Transportation officials are rightly using solar energy to enhance standard stop signs with flashing red LED lights that draw motorists attention. In Fort Wayne, stop signs at a handful of potentially dangerous intersections have been upgraded to help prevent accidents. And in Wells County, the Indiana Department of Transportation has been monitoring the effects and costs of enhanced stop signs at two rural highway intersections as part of a three-year pilot project.
The enhanced stop signs, such as those at Maplecrest Road and Monarch Drive, are another attempt by city officials to improve traffic safety while keeping tight budgets in mind.
The busy intersection near Haley Elementary School is a four-way stop and has long had traditional signs. But Frank Suarez, a city spokesman, said the solar-powered stop signs with flashing red LED lights were installed because of the Maplecrest extension project.
City officials wanted to ensure that motorists driving on the newly completed extension connecting the Georgetown area to New Haven – who might be unfamiliar with the area – wouldnt blow through the intersection.
Eventually, a traffic signal will be installed. But in the meantime, the solar-powered flashing lights on the stop sign increase safety because they draw extra attention from drivers and because the LED lights are bright, making the stop sign more visible.
The city has also installed the solar-powered flashing stop signs at Covington and Smith roads as well as at pedestrian crossings on Spring Street in front of the University of Saint Francis and in the 1700 block of South Calhoun Street near the Neighborhood Health Clinic.
The flashing stop signs at Covington and Smith roads replaced an overhead blinking signal.
A solar-powered stop sign costs $1,600. A traditional stop sign costs $100, but a flashing overhead traffic signal, likely the most comparable safety solution, costs $25,000 and must be hooked up to electricity.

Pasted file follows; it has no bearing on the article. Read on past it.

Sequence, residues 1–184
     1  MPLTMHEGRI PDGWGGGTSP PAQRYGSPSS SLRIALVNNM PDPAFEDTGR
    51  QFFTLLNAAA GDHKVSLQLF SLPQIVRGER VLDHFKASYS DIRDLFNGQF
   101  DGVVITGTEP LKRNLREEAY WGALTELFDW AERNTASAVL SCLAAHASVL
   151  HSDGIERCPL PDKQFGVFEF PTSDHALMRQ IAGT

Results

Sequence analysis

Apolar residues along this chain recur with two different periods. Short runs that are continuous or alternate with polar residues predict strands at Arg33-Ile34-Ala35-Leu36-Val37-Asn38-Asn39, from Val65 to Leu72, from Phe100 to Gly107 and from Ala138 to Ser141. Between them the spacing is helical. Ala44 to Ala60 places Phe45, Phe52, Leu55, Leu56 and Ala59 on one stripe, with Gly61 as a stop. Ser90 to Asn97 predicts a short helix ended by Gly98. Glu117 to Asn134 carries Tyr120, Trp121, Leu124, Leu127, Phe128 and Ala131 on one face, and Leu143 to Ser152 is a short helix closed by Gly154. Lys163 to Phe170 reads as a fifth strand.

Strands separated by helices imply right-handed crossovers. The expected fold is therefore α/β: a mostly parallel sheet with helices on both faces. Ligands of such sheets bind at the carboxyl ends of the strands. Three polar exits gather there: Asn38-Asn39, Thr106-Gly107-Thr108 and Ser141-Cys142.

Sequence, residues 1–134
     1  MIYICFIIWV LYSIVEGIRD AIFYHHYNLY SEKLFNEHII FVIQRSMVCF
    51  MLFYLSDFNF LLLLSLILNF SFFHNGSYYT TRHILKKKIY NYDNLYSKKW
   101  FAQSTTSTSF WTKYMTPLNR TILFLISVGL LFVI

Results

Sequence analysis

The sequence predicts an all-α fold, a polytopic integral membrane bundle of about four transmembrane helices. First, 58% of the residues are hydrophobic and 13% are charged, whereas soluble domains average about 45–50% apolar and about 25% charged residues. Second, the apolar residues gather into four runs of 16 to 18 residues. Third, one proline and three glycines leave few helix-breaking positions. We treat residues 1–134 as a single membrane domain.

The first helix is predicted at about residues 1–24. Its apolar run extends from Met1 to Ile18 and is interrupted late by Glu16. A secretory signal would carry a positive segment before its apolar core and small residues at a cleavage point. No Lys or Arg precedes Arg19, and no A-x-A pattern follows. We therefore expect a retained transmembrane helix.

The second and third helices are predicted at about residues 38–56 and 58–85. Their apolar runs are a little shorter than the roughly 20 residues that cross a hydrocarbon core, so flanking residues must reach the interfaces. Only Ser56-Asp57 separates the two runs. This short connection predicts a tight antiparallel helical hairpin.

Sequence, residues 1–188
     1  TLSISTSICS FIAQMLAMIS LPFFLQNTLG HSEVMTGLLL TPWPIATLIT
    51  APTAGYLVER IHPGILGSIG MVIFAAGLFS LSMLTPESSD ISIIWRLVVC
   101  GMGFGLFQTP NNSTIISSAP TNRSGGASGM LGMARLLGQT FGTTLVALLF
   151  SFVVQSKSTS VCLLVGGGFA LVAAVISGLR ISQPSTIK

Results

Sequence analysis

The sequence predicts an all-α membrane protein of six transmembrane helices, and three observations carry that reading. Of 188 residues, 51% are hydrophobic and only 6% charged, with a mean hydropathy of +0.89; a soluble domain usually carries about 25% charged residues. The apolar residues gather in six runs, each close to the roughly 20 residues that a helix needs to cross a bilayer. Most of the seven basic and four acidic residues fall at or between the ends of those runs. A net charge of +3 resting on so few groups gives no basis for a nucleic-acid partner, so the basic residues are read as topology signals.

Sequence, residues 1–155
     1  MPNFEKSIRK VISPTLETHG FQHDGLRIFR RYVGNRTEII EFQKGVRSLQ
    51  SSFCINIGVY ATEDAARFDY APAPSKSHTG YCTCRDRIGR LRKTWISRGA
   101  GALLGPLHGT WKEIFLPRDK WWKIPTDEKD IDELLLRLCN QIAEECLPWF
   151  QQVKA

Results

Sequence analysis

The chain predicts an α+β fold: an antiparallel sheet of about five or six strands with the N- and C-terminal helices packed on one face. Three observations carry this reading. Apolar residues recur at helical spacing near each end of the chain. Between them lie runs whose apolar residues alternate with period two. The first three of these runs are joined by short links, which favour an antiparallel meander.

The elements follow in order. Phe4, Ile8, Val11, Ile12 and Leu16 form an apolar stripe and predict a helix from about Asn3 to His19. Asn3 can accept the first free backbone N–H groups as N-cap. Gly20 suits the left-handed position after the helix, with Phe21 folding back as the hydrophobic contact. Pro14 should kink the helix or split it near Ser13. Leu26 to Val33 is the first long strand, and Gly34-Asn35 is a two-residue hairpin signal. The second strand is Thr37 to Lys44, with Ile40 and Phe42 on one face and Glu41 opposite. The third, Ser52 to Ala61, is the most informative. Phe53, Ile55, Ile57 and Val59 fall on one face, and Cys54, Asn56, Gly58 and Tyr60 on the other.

The 48-inch signs have eight red LED lights on the perimeter of the sign that flash once every second. The solar panel can power the sign for up to 14 days without sunlight, and batteries last about five years.
The Indiana Department of Transportations Fort Wayne District just completed a three-year trial of similar solar panel flashing LED stop signs based on flashing stop signs installed in December 2009 at two intersections in Wells County. INDOT expects to release the study results in February.
The flashing stop signs were installed where County Road 300 West (Old Indiana 303) intersects with Indiana 116 and at its intersection with Indiana 124 in Wells County because those two intersections have long been trouble spots with numerous accidents, including fatalities.
Another benefit of the solar-powered stop signs is that they work even during power outages, such as the outage that took out the traffic signals at Maplecrest Road and East State Boulevard on Dec. 21. The traffic lights were out, but the solar-powered stop signs continued to work just a couple of blocks away near the elementary school.
The citys use of the flashing stop signs at intersections where recent changes have been made is wise. Using the upgraded stop signs at dark or more rural intersections should also improve safety. The flashing lights make it easier for motorists to see the stop signs, and the solar panel means the sign can easily be installed without being concerned about the proximity of a source of electricity.